The Hunt For Vulcan by Thomas Levenson

It's not very often that I pick up a popular science book. I don't know why because, when I do, I am always fascinated by the subject matter. The Hunt For Vulcan, subtitled "How Albert Einstein Destroyed a Planet and Deciphered the Universe" is very much the same.

I guess it tells the history of scientific discovery in the field of astronomy from Isaac Newton's gravity to Albert Einstein's relativity, through looking at the false discovery of a potential new planet, Vulcan. There are quite a few scientific thought experiments to get your head around, especially when it tries to explain Einstein's thinking. For a layman, this isn't too difficultly worded, but in terms of being able to understand the theory, it is quite a different matter. Never-the-less, the book is relatively easy to understand and it is quite short too, just about 200 pages.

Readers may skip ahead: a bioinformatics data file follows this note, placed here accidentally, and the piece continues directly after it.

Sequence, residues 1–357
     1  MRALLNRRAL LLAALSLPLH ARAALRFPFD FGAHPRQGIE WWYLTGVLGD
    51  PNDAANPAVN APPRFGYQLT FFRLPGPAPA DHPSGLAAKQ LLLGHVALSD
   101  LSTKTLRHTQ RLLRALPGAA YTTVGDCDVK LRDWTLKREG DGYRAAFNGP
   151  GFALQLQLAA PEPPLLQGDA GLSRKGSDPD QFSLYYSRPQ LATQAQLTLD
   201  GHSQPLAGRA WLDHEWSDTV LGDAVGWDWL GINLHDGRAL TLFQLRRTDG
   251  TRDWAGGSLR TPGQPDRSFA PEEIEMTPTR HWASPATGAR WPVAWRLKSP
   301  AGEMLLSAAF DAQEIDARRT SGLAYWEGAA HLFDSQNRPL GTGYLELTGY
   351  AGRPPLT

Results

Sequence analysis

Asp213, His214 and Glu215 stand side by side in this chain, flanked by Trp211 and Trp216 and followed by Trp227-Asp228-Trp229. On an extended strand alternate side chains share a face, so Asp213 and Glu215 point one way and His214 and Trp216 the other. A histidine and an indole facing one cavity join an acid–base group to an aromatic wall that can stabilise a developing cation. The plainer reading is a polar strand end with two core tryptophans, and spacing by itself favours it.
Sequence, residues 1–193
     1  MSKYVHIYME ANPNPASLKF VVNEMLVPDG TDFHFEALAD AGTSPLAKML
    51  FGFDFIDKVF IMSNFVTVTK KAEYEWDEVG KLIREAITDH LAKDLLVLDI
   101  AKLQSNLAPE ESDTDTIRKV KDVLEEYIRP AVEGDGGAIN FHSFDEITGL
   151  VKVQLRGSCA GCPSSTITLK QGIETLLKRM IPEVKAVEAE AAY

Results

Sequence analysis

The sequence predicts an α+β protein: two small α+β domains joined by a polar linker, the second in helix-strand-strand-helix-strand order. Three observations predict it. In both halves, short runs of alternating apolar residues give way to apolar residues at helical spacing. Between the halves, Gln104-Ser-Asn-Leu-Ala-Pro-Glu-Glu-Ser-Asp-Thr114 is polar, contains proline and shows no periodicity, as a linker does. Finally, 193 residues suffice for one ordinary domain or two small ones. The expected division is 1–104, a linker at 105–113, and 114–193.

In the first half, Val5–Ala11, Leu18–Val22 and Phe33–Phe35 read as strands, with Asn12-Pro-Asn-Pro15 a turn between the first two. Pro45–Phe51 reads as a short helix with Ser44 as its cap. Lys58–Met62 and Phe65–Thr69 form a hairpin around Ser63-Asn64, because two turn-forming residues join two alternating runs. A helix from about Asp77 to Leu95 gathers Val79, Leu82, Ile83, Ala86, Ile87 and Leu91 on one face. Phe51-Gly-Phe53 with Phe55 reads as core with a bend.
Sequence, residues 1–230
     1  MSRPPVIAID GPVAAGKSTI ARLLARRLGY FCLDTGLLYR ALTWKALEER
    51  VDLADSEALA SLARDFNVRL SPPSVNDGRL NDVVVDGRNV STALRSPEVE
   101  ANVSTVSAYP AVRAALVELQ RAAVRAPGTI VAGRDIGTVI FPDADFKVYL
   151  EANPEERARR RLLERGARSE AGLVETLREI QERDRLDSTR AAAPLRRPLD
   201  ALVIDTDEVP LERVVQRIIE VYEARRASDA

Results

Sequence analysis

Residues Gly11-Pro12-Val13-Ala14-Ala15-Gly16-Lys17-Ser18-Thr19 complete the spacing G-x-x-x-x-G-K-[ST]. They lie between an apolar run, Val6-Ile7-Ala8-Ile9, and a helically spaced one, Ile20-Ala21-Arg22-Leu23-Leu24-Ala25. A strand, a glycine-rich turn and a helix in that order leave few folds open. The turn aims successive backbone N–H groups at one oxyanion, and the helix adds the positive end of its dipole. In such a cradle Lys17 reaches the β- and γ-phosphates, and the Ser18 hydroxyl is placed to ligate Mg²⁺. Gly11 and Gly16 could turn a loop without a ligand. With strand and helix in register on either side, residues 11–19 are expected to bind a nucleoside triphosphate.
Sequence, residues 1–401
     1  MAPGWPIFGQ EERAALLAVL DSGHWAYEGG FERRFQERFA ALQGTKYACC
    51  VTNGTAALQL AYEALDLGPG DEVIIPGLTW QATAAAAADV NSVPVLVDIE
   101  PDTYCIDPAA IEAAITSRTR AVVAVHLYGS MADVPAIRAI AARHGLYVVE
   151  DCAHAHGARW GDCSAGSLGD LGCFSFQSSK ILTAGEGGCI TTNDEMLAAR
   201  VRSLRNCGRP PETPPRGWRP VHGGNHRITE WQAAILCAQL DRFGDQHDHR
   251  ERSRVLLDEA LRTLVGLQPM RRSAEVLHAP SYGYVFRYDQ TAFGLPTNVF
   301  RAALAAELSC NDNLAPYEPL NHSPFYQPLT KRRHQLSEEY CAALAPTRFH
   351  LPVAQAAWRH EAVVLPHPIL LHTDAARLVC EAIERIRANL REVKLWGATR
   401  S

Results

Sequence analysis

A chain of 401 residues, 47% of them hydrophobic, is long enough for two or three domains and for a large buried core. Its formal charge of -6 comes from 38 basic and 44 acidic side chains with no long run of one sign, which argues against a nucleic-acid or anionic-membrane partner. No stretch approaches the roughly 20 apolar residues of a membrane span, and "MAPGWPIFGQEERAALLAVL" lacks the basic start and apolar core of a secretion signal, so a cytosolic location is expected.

It does have one flaw...when trying to compare a discovery to finding the way into Narnia or like seeing the Hogwarts Express for the first time, the writer clearly didn't know his references well enough. Everyone I know knows that train leaves from platform 9 3/4...yet Levenson is under the assumption that it is 9 1/2...I guess the scientific research was more important than the cultural references, but it is a forgiveable mistake.

On the whole, I really enjoyed reading The Hunt For Vulcan. The writing is fairly crisp, as it needs to be for a short book like this. I just wish I could have understood the maths a little better!

Star rating: 4 from 5

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